Audience Analysis: I am writing to the seven chairmen of the Manatee County School Board. They are a made up of a group of five men and two women. They are most likely all parents who have a common concern on the material being taught on the issue of Sex Education in schools. Fellow parents vote on them to insure that they make the correct decisions on what their kids are learning in school. They are all from some form of the Christian religion.
They are from ages 30 and older. They represent all races. They all have a college degree and the majority of them have doctorate degree in education. They are mainly from the upper economic levels in society. The chairmen are very dedicated to their jobs and take a great deal of consideration when voting on school board codes/regulations. Therefore, they are willing to hear both sides of an issue that is to be voted on due to its’ importance.Order now
Sex Education In Schools: The Argument Continues
Sex education in schools has been a long debated subject among parents, teachers, government officials and students. The need for sex education has increased due the higher numbers of teen pregnancy and STD cases among school age kids. The pregnancy rate has more than double and teens have the highest rate of STD cases among all of the age groups (DeCarlo 1). The major questions are the type of material that should be discussed and whether the programs are actually helping the problem or adding to it. There are a lot of other questions that branch off from the major ones also. Since sex education has already been around for decades, it is very necessary for us to determine the effects of the educational programs over the years.
This will help us to verify the quality of lessons being taught in the classes.
The need for sex education is very questionable in today’s society. An article by Pamela DeCarlo, from the Centre for AIDS Prevention Studies, discusses why sex education is needed in schools. She asks why education on this subject is needed and if will help or hurt today’s children. Her view of the issue is that kids do need to have education to help to protect them but that it isn’t enough to prevent them from receiving STD’s and becoming pregnant. “Knowledge alone is not enough to change behaviors.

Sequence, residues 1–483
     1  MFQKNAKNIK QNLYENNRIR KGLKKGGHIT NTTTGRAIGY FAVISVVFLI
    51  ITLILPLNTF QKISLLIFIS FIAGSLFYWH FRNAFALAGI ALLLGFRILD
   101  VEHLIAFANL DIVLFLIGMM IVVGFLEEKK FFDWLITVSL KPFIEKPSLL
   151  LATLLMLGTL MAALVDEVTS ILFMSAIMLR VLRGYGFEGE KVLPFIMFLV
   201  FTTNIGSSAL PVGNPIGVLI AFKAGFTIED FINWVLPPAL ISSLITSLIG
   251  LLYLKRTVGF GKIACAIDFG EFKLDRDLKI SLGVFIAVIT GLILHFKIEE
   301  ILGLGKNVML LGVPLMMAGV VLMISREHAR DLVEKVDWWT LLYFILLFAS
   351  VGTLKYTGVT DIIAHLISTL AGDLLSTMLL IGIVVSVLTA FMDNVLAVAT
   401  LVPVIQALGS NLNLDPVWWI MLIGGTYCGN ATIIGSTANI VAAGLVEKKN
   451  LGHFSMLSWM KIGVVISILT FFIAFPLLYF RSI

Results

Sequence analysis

” DeCarlo also says that, “Programs that rely mainly on conveying information about sex or moral precepts-how the body’s sexual system functions, what teens should and shouldn’t do-have failed. However, programs that focus on helping teenagers to change their behavior-using role playing, games, and exercises that strengthen social skills-have shown signs of success.” On the other hand some believe that sex education is necessary but that it should be taught using only terms and definitions (Hedgepeth 1). Some fear that it means teaching them how to have sex if it is not taught using on vocabulary (Hedgepeth 7). I think that because of the importance of sex education people are more likely to stress over the issues about it. Parents want to be sure that what is being taught is appropriate and meaningful to the students.
That brings me to the next major question asked about sex education: what type of material should be covered and who decides what is right and what is wrong. It is very obvious that 30 or even 40 years ago, there was a different opinion on what should be taught to the children of that age and of generations to come (Pruit, Song 1). With the ever changing statistics in teen pregnancy and higher rates of STD’s among children, the topic is brought up that more should be taught on prevention rather than on what is right or wrong, more or less the values being taught. The most crucial part of sex education is good and effective communication. We all know that when it comes to talking about sex education teachers and students become very anxious and embarrassed (Whitehead 13). In today’s schools some of the subjects discussed are reproduction, abuse, gender identity, anatomy, relationship skills, building social .